Healing Process

View from behind of four doctors in hospital corridor walking away from camera.

USD STUDENTS ARE GETTING A CLOSE LOOK AT TRAUMA 

Pagers beeping, moments of chaos and calm, staff assisting patients. This scene greets University of San Diego students in the Scripps Mercy Trauma Internship program. Originating through a collaboration between USD alumna Jessica Kahl ‘10 and Scripps Mercy Hospital physicians Steven Shackford and Michael Sise, the inaugural course was offered in Fall 2010. Since then, the program has continued to provide pre-medical students from USD with a close look at doctor-patient relationships at a leading health care institution.

“There’s nothing like the anticipation of walking into the trauma bay,” says Madeline Nottoli, a biology major at USD. “Not only did I observe medical procedures performed right in front of me, but I had doctors of all ages and positions explaining to me what was happening.”

Open to juniors and seniors, this opportunity is available through the College of Arts and Sciences and is coordinated by Cassandra Gomez, USD’S director of pre-health advising, Michael Ichiyama, an associate professor with the department of psychological sciences, and Shackford and Sise, who are leading surgeons with Scripps Health.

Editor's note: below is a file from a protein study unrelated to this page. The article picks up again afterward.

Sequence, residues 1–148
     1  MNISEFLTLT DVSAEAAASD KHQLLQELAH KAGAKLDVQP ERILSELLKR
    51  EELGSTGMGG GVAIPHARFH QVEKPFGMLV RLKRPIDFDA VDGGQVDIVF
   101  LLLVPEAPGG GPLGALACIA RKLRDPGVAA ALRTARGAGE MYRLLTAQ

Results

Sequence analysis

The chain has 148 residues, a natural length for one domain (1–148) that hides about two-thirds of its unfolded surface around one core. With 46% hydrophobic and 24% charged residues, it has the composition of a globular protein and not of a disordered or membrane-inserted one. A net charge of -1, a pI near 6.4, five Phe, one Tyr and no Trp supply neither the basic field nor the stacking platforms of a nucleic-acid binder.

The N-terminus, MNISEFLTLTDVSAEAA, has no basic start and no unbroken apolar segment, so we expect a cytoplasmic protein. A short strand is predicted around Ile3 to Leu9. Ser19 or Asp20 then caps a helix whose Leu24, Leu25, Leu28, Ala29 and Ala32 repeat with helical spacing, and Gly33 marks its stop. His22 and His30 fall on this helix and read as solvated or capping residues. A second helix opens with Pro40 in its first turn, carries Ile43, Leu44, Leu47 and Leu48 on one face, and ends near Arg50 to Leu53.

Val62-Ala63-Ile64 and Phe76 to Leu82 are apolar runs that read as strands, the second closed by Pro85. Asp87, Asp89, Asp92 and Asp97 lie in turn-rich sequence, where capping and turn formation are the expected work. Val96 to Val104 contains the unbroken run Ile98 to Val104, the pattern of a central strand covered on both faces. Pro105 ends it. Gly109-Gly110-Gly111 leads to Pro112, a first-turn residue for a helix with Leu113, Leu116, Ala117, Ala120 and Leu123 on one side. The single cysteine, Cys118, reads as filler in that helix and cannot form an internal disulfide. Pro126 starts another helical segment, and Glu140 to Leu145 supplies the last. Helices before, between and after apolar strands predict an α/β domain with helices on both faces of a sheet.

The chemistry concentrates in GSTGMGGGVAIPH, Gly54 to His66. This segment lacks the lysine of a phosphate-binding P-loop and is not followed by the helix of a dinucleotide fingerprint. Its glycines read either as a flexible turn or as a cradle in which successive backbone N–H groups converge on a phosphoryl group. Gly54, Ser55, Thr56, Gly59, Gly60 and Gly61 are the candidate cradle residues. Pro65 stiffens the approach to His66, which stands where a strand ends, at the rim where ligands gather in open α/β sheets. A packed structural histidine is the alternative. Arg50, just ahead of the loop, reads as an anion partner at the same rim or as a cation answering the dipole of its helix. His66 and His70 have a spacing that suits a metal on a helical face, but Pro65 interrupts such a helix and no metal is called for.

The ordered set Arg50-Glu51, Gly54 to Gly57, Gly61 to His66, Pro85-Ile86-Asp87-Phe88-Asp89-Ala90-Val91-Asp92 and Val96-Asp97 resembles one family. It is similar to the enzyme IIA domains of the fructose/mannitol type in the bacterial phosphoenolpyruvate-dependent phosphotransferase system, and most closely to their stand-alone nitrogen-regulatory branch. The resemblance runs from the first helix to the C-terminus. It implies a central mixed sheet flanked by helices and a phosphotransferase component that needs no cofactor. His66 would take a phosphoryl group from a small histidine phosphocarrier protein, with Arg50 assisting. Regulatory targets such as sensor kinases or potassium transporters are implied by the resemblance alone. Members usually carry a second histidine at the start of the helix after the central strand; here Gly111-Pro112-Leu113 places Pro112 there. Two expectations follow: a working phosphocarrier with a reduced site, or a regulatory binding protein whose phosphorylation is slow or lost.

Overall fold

Ichiyama, the program’s internship advisor, credits the latter pair with developing this unique opportunity for students.

“The Scripps internship, which involves a formal collaboration between a liberal arts institution and a local medical center, is specifically designed to provide a practical learning experience for undergraduate pre-med students,” he says. “It’s the only one of its kind in the country.”

For Jessica Paul, who is studying behavioral neuroscience, the program is an opportunity for her to give back to the community.

“It’s an especially important program for the Changemaker mission of USD, because Scripps Mercy Hospital receives patients from low-income populations, patients who don’t have insurance, patients who may be from across the border or without U.S. citizenship,” she says.

For Shackford, the ultimate benefit is that students are taking what they learn and applying it in their lives. “The program helps to spread the Catholic mission of the Sisters of Mercy among USD students.” — Allyson Meyer ‘16

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